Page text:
CNN founder Ted Turner and former senator Sam Nunn (D-Ga.) yesterday formally unveiled plans for a Washington-based nonprofit organization that will focus on safeguarding nuclear weapons and fissile materials in the former Soviet Union.

Turner, a media billionaire and philanthropist who has already pledged to donate $1 billion to the United Nations, said he would give $250 million to the so-called Nuclear Threat Initiative over the next five years because nuclear weapons represent "the greatest threat humanity faces" in the short term.

"Despite the fact that we are no longer enemies, the U.S. and Russia still maintain nearly 3,000 nuclear weapons each on high alert," Turner said at the National Press Club. "An accidental exchange is not out of the question. In many ways, the threat has become more complex and dangerous."

While noting that he personally favors the "complete elimination of all weapons of mass destruction," Turner said the Nuclear Threat Initiative would pursue "pragmatic and effective steps" to reduce the threat.

Turner and Nunn will be co-chairmen of the organization. Its 11-member board of directors includes two senators, Pete V. Domenici (R-N.M.) and Richard G. Lugar (R-Ind.). "I'm just one voice in deciding how the money is distributed," Turner said.

Nunn, who will also serve as the organization's chief executive, ran down a long list of possible projects for the new group, from funding nongovernmental organizations to aiding the families of underpaid Russian scientists who formerly produced nuclear, chemical and biological weapons.

One immediate focus, Nunn said, would be to help consolidate fissile materials in the former Soviet Union so that they can be properly safeguarded. "There is tremendous vulnerability to theft and terrorism and illegal sales," Nunn said, adding that Russian scientists "are in great demand by terrorist groups, but don't know how to feed their families."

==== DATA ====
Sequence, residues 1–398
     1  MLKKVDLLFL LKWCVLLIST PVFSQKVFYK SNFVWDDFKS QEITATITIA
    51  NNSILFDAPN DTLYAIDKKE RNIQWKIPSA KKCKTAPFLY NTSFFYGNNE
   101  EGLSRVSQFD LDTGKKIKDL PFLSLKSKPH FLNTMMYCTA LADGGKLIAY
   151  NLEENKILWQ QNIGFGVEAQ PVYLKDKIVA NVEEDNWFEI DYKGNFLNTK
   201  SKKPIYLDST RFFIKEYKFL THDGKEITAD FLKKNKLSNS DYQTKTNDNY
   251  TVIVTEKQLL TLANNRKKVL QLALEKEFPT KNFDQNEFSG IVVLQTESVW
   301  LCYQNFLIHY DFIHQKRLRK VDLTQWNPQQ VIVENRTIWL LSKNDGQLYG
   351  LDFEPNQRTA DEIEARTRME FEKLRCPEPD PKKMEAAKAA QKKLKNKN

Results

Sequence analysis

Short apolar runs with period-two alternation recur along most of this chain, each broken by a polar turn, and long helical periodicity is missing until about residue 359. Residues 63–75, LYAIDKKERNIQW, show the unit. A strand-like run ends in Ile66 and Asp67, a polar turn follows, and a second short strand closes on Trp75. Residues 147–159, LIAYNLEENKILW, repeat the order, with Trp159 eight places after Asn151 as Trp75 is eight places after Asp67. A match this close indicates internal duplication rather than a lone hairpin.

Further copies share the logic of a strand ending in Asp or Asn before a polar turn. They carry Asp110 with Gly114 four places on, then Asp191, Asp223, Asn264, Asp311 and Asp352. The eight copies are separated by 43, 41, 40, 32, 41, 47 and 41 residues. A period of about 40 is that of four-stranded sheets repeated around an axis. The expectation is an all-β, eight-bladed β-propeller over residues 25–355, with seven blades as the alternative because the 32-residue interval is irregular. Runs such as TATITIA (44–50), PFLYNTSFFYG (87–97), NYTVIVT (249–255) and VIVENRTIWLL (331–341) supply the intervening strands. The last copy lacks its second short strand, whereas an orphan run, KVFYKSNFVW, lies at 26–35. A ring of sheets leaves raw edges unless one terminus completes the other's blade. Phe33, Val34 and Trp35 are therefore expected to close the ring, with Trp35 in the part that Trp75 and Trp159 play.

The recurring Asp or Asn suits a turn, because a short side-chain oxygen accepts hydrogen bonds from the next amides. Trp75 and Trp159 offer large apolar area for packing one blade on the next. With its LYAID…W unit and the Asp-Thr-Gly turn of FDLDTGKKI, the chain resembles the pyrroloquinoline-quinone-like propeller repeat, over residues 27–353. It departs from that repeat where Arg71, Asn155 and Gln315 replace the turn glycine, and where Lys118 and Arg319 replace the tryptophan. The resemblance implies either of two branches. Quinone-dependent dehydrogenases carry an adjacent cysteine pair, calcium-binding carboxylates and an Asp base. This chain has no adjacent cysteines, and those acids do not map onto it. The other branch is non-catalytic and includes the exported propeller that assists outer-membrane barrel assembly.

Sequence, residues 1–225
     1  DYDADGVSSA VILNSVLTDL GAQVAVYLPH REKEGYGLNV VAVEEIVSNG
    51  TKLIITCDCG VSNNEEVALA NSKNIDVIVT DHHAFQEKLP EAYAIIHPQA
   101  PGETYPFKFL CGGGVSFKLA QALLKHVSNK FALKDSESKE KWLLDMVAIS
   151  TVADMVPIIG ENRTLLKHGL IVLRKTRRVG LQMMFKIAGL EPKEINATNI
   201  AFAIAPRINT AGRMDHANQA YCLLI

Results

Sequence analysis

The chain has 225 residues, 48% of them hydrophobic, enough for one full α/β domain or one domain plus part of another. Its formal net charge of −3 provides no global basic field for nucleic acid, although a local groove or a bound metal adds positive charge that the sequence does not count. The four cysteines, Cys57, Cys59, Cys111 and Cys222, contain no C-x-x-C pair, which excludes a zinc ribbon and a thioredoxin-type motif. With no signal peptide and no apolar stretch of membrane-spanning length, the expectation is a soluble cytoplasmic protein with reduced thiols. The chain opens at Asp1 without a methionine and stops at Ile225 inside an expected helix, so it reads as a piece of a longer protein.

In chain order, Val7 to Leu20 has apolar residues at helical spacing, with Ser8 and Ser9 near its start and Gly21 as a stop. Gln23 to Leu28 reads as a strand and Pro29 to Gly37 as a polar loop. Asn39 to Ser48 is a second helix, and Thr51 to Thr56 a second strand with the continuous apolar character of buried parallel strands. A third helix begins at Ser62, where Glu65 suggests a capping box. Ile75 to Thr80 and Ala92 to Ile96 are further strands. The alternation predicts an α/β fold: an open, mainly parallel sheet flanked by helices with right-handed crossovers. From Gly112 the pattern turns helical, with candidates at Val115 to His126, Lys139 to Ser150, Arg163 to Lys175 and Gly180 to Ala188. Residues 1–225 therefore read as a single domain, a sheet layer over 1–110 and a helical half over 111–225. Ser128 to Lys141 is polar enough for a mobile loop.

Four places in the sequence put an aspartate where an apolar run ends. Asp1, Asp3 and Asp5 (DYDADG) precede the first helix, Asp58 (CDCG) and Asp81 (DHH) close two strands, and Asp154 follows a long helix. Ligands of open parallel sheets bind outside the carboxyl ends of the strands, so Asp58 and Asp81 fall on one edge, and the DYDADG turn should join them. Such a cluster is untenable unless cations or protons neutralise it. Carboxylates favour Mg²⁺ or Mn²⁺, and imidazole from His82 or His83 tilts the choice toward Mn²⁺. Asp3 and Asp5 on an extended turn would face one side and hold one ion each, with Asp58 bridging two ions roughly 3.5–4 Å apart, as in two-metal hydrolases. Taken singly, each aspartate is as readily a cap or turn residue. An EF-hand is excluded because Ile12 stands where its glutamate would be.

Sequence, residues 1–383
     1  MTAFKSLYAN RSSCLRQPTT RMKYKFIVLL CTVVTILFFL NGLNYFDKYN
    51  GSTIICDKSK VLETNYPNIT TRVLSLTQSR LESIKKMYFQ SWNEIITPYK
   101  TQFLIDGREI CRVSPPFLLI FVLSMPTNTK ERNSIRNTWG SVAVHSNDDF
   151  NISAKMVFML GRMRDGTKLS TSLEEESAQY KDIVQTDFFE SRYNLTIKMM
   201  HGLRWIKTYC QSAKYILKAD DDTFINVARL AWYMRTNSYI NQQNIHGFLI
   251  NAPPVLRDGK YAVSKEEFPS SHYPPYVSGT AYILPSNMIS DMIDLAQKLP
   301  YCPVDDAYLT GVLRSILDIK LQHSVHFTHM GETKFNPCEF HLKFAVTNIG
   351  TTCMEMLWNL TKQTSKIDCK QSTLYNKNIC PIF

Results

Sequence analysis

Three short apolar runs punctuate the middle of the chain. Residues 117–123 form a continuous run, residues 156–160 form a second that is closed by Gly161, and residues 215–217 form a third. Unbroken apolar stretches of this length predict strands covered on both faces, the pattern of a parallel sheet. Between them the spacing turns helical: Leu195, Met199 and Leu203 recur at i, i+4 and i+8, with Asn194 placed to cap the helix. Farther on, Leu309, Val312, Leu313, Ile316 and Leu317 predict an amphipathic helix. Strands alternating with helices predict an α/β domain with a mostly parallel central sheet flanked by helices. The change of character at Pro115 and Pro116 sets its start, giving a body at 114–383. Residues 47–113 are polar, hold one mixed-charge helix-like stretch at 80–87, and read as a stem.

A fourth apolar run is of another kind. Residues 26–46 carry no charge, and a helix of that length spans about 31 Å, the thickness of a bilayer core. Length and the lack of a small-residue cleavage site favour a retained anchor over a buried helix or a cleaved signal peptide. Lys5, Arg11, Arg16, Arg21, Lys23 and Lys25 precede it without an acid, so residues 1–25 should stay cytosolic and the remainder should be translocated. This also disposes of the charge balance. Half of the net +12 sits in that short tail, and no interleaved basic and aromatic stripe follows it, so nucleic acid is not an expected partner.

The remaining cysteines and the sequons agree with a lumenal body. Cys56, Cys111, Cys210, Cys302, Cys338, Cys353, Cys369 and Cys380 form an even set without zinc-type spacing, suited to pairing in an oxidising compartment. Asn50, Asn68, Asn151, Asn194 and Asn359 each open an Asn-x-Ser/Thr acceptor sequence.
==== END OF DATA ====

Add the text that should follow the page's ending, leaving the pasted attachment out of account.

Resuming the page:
Nunn said the organization also could serve as a venture capital fund in the former Soviet Union while contributing several million dollars a year to accelerating U.S. programs for converting weapons-grade uranium and plutonium to commercial uses.

"There is a gap between the threat and the response, and we're going to try to help . . . as much as we possibly can," said Nunn, who served as chairman of the Senate Armed Services Committee before retiring in 1996. "Fifty million dollars a year sounds like an awful lot of money, but in the sea of challenges out there in this arena, this is small potatoes. But I think we can come in where there are niches, and we can be a catalyst."

Nunn said the U.S. government clearly can do better on nonproliferation issues, and he challenged President-elect Bush to reexamine America's entire nuclear posture, including the Comprehensive Nuclear Test Ban Treaty, which the Senate rejected in 1999.

Nunn said the United States has done more than any other government to help safeguard nuclear weapons and fissile materials in the former Soviet Union, calling on America's NATO allies and Japan to do far more.

Nunn said two foreign experts in the field have agreed to join the Nuclear Threat Initiative's board -- former Swedish ambassador Rolf Ekeus, who headed the U.N. Special Commission in Iraq from 1991 to 1997, and Andrei Kokoshin, Russia's former first deputy defense minister who now serves in the Russian parliament.

Another board member, former deputy secretary of energy Charles Curtis, will serve as the organization's chief operating officer.